Before you start worrying about milestones, you first have to get the job and survive the first year. What are some strategies to consider during your job hunt and first months on the job? Prior to your interview, carefully analyze the course calendar! Read the course outlines and the faculty research profiles to get an idea of which faculty is teaching which courses, and also which courses you might be asked to teach. Determine which courses you are best suited to teach. Ideally, these are the courses you should target during the interview and negotiation stages and convince the department to let you start with, as they would involve much less preparation time than courses either completely outside your expertise or courses you have never taught before.

During the interview, keep an ear open for which of your targeted courses are actually going to be available. One good clue to courses you might be asked to teach is if a sessional instructor had taught the course for several years. Some courses may only be free for 1 year while the incumbent faculty is on sabbatical. If you target these courses or wind up being assigned to them, make sure you get a commitment from the department that you will be able to keep the course for at least a few years. Nothing is worse than spending a huge amount of time teaching a course for the first time, only to turn it over and be assigned another new course to teach in your second year. Some courses may not be available because they are the pet courses of a particular faculty, while other courses may not be popular with anybody and end up passed around like a hot potato. Resign yourself to the possibility of teaching a course like this as a right of passage. At the same time, you might score a lot of points with the search committee by coming up with an innovative approach to a hot potato course.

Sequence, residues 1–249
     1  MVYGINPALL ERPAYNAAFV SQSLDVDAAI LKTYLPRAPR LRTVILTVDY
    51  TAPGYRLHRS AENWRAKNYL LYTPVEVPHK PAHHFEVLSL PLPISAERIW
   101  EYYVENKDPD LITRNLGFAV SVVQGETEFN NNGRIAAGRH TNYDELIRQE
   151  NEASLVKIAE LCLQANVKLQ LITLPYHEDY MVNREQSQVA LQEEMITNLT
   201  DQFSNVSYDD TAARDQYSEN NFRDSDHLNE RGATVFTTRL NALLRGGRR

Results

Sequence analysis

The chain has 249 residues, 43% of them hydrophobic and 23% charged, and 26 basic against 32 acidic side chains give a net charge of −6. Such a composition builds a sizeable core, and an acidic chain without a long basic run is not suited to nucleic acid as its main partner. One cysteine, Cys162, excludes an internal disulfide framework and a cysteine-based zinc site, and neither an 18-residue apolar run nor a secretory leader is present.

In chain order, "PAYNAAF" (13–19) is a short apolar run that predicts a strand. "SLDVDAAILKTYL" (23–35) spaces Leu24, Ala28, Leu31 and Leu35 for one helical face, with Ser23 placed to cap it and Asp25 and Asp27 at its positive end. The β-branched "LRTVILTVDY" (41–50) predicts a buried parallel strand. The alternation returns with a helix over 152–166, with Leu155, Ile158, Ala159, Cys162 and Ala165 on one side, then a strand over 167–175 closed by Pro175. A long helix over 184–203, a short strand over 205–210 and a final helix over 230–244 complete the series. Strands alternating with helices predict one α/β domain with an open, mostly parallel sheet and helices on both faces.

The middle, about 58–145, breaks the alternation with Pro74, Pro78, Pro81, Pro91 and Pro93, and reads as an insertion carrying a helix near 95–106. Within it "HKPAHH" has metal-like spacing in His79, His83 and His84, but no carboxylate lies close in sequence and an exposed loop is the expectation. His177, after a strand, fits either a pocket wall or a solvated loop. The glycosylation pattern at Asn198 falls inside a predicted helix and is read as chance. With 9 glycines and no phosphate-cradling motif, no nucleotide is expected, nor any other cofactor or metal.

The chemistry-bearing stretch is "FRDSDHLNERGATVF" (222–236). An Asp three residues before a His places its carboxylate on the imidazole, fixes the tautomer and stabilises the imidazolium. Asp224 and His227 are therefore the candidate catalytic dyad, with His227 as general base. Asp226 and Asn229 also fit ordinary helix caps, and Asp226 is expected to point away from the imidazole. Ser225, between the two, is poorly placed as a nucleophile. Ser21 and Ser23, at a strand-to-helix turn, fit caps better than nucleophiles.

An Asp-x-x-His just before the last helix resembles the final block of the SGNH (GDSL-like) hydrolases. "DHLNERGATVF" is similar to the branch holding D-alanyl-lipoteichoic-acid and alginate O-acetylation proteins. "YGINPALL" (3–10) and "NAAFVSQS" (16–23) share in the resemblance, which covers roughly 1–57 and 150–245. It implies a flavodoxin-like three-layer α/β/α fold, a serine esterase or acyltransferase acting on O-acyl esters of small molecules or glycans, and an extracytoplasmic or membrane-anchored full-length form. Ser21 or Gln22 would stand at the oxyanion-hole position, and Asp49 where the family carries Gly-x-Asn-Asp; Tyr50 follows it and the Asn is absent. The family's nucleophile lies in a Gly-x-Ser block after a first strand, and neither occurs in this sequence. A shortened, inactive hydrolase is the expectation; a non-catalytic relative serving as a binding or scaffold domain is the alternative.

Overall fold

Negotiate a reduced teaching load for the first 1 to 3 years with the department prior to your arrival. Getting a reduced workload beyond your first year may be contingent on your getting some grants in your first year, but try to obtain a written guarantee for a reduced load in at least your first year. Some departments will have this either as a formal or informal policy, but request it explicitly rather than assume.

Prior to, or immediately upon your arrival, meet with the incumbent instructors and dig up as much information and material--texts, course outlines, exams, presentations, Web site access, etc., as possible. Determine exactly how much of the material you wish to maintain. Remember, you'll be busy enough as it is without trying to deliver the "perfect" course right away. I found myself wanting to do everything in my first course the very first time out, from reworking all the lectures, to setting up a course Web site by myself, through rewriting all of the labs and exams. I quickly learned to be selective in deciding what goals and tasks were the most critical and adopted a long-term approach to "perfecting" my course. Remember, there comes a point where "better is the enemy of good enough."